Monday, April 13, 2009

Recombinant Human Activated Protein C for Severe Sepsis---is the product labeling strict enough?

Here’s a concerning small study from Critical Care Medicine:

Measurements and Main Results: Seventy-three patients received recombinant human activated protein C. Serious bleeding events occurred in 7 of 20 patients (35%) with any baseline bleeding precaution vs. only 2 of 53 patients (3.8%) without any bleeding precautions (p less than 0.0001). More patients with a baseline bleeding precaution died compared with patients without any bleeding precautions (65% vs. 24.5%, p = 0.0015).

“Baseline bleeding precautions” refers to patient characteristics under the “warnings and precautions” category of the Xigris product labeling. Patients under not only the “contraindications” category but also under the “warnings and precautions” category of the product labeling were excluded from the PROWESS trial. Thus, the exclusion criteria in PROWESS were stricter than the contraindications in the FDA approved labeling.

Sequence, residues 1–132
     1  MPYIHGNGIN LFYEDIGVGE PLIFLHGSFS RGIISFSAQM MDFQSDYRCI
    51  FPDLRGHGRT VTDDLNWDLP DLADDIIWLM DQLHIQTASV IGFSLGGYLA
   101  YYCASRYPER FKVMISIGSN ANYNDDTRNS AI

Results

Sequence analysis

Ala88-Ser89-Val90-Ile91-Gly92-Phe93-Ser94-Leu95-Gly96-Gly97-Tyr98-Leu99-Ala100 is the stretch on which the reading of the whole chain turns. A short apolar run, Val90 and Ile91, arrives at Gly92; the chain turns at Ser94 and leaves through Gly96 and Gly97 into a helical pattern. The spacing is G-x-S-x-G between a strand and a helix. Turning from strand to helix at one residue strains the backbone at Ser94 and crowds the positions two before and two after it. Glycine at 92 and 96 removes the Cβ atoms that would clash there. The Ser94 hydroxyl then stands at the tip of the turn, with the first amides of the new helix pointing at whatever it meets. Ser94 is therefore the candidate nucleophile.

Study design and small numbers limit the conclusions we can draw from this paper but here’s what’s interesting: Including patients under the “warnings and precautions” category resulted in high bleeding rates and more than twice the mortality of the placebo patients in PROWESS. On the other hand, patients who would have been allowed to participate in PROWESS had bleeding rates and mortality almost identical to the treatment arm of PROWESS!

Clinicians may want to consider going beyond the labeling restrictions and treat only those patients who lack PROWESS exclusion criteria. Medscape reports that the FDA is monitoring the situation but has not decided whether to take regulatory action.

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